Expanding on psycholinguistic research on linguistic adaptation, the phenomenon whereby speakers change how they comprehend or produce structures as a result of cumulative exposure to less frequent or unfamiliar linguistic structures, this study asked whether speakers can learn semantic and syntactic properties of the American English vernacular negative auxiliary inversion (NAI) structure (e.g., didn’t everybody eat, meaning “not everybody ate”) during the course of an experiment. Formal theoretical analyses of NAI informed the design of a task in which American English-speaking participants unfamiliar with this structure were exposed to NAI sentences in either semantically ambiguous or unambiguous contexts. Participants rapidly adapted to the interpretive properties of NAI, selecting responses similar to what would be expected of a native speaker after only limited exposure to semantically ambiguous input. On a separate ratings task, participants displayed knowledge of syntactic restrictions on NAI subject type, despite having no previous exposure. We discuss the results in the context of other experimental studies of adaptation and suggest the implementation of top-down strategies via analogy to other familiar structure types as possible explanations for the behaviors observed in this study. The study illustrates the value of integrating insights from formal theoretical research and psycholinguistic methods in research on adaptation and highlights the need for more interdisciplinary and cross-disciplinary work in both experimental and naturalistic contexts to understand this phenomenon.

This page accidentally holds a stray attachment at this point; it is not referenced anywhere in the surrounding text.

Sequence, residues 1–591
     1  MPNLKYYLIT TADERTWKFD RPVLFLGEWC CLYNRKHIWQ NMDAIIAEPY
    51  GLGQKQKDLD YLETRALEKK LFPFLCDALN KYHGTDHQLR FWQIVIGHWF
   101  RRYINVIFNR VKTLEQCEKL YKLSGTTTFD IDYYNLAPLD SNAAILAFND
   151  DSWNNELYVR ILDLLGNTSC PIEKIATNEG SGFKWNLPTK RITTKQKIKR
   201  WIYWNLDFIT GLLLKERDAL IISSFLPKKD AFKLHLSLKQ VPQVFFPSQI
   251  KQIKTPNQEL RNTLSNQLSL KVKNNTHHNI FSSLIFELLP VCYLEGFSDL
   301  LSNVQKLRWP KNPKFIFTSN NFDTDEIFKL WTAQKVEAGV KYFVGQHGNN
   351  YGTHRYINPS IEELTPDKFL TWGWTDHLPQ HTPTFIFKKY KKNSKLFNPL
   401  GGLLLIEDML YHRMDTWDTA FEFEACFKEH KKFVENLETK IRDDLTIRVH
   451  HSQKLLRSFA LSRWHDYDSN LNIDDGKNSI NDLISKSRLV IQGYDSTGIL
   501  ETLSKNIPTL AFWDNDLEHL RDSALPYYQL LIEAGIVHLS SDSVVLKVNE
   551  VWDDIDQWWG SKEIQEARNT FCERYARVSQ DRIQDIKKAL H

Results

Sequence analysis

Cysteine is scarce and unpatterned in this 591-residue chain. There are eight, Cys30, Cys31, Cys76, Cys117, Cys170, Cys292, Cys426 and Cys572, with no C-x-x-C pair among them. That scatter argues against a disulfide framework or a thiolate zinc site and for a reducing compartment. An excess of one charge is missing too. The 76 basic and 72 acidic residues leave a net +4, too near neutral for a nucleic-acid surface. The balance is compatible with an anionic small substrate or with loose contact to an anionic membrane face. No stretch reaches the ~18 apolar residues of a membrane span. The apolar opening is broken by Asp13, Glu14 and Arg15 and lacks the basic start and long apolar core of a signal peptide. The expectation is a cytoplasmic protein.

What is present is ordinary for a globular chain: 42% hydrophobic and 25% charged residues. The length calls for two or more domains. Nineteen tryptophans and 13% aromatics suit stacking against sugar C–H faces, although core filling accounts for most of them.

All Science Journal Classification (ASJC) codes
- Language and Linguistics
- Sociology and Political Science
- Linguistics and Language
- Speech and Hearing